won't do that. At the bottom, the Maximum Iterations for Convergence on the best
obtainable rotated solution is set at 25. We will accept that value. The box now

appears as shown.




SPSS Dialog Box 8.3. Rotating the factors


If we wanted to make use of factor scores, we could click on Scores and Save as

variables. That would result in a new column for each factor being produced in the

data sheet. We do not wish to save the factor scores and we do not reproduce the

dialog box here.



Click on Options. If you have any missing data, refer to our discussion at the start of

the preceding section (Missing values) and make the best choice you can for dealing

with the problem. In our example dataset we don't have any missing data, so we

ignore the Missing Values box. In the Coefficient Display Format box, you can, if

you wish, put ticks against Sorted by size and/or Suppress absolute values less

than. The former will result in variables that load on the same factor being located

together in successive rows of the rotated factor matrix, and the latter will eliminate

loadings below some threshold from both of the factor matrices. The default for the
threshold value is 0.1, but if you wanted to suppress low loadings in the output you

would probably choose a value closer to 0.5 to get an uncluttered view of the factor

structure. Of course you can choose a value in between (0.3 is often used); it is a trade

off between losing some information and ease of interpretation of the results. The

higher the value chosen the fewer results are displayed making the results easier to

interpret but you run the risk of missing something interesting just below the

threshold. We will not select either of these options on this occasion and we do not

reproduce the dialog box here. Click on Continue to close any secondary dialog box

that is open, then on OK in the main dialog box to run the analysis.

EFA: understanding the diagnostic output

The first table in the output (see SPSS Output 8.1) contains the diagnostics we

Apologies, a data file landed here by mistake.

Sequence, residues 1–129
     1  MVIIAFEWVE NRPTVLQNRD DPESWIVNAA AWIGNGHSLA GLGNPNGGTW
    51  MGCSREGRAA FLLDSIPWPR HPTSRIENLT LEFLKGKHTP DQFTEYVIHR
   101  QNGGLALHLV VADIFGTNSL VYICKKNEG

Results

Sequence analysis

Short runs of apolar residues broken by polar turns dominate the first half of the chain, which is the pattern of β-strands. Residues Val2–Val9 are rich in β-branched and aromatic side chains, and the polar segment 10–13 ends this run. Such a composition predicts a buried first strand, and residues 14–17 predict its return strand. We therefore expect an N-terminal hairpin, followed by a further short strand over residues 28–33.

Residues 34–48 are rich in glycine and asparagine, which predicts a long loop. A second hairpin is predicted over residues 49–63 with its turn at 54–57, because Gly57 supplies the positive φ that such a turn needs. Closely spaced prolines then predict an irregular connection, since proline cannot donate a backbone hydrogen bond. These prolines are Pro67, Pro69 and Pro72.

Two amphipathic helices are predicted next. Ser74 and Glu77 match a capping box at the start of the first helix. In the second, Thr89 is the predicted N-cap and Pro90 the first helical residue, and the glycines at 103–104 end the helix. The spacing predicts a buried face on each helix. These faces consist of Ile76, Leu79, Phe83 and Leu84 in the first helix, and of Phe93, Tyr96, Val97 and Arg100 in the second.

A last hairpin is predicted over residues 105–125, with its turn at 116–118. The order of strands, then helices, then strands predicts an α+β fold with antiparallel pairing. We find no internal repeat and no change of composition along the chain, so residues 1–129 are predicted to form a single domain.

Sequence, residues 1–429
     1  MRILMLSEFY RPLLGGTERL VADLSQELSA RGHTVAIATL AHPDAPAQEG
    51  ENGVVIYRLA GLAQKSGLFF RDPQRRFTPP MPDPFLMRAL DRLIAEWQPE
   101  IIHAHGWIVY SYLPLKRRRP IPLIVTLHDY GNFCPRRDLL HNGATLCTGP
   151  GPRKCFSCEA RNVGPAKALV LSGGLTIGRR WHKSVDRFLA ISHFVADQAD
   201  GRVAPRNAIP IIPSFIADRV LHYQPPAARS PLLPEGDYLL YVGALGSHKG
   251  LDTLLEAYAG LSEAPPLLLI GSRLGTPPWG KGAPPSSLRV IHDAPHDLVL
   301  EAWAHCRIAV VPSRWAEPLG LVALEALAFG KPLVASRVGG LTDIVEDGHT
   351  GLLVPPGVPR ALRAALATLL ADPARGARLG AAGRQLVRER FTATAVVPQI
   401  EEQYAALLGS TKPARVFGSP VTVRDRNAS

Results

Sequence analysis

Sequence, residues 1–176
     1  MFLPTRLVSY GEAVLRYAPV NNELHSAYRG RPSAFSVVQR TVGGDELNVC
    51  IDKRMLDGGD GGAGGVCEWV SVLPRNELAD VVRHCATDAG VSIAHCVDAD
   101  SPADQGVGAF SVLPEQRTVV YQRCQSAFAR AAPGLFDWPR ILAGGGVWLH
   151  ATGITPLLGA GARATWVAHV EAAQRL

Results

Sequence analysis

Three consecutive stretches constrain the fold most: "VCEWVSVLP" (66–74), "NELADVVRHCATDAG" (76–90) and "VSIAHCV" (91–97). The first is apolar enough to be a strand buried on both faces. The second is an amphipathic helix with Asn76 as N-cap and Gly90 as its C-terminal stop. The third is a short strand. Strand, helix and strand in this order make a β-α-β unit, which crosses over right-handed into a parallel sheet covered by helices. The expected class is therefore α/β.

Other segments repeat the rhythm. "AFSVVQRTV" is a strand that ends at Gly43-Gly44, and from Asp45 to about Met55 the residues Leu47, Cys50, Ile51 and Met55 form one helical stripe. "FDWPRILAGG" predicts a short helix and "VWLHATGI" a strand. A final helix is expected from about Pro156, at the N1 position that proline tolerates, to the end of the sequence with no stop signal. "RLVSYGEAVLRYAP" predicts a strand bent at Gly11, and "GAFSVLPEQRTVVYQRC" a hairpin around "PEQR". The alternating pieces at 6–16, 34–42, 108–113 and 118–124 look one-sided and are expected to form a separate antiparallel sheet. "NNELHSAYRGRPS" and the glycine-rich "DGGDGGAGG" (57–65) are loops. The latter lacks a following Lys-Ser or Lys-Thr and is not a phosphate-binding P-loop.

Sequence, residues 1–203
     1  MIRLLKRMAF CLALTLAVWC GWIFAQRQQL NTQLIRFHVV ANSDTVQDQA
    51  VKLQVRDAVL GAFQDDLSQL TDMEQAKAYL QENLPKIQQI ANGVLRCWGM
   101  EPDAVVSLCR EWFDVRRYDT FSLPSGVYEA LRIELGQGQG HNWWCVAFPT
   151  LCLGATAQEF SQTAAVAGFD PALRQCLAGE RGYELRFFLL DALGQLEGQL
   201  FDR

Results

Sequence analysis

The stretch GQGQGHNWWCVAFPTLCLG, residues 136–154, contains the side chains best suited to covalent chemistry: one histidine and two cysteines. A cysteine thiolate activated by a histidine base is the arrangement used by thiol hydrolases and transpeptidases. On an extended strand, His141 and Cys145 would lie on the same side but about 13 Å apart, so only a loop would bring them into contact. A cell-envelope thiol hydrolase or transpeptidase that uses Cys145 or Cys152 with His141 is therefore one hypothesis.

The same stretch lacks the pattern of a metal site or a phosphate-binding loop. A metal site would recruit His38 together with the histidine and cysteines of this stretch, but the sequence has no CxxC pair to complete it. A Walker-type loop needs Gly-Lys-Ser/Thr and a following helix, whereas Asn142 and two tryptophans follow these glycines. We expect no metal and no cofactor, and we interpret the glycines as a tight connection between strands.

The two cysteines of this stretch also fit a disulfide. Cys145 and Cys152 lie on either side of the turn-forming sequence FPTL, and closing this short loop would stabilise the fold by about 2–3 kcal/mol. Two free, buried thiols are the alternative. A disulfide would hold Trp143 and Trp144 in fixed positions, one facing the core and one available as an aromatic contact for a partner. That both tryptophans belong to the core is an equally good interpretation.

requested. For the KMO index of sampling adequacy, values above 0.6 are required

for good factor analysis. Our value of 0.69 is satisfactory. We need a significant value

for Bartlett's test of sphericity and we have that. However, it is notoriously sensitive

to sample size and is likely to be significant even when correlations are substantial.

Consequently, this test is only recommended (e.g. by Tabachnick and Fidell – see

Further reading) when there are fewer than about five cases per variable. We have

about eleven cases per variable, so it is of no help to us here.

EFA: understanding the initial factor solution

The next table gives communalities (since this is principle components analysis, the

actual proportion of variance accounted for by the factors), which you can ignore, so

we do not reproduce that table here. Next comes the table with initial eigenvalues and

proportions of variance explained by each factor. You will see that only the first three

factors have eigenvalues greater than 1. As '1' was our criterion for retention of a
factor, that tells us that only the first three factors to be extracted are in the factor

solution. Looking at the proportions of variance, we see that the bulk of the variance

attributable to the retained factors was explained by the first (general) factor (30.7%

out of 56.6%) in the initial solution, whereas the variance was more evenly distributed

in the rotated solution (21.7%, 19.4% and 14.5%, respectively). This is always the

case. Next comes the scree plot. What we are looking for here is an indication of how

many factors should be retained. The eigenvalue criterion tells us that three factors

should be retained, but the criterion of 'greater than one' is somewhat arbitrary, and

the scree plot might suggest a different number. A sudden change in the slope is often

a useful guide. In our plot, this discontinuity seems to occur at two factors rather than

three, and we might therefore consider whether a two-factor solution might be

preferable. In the end, though, we should generally make the decision on the basis of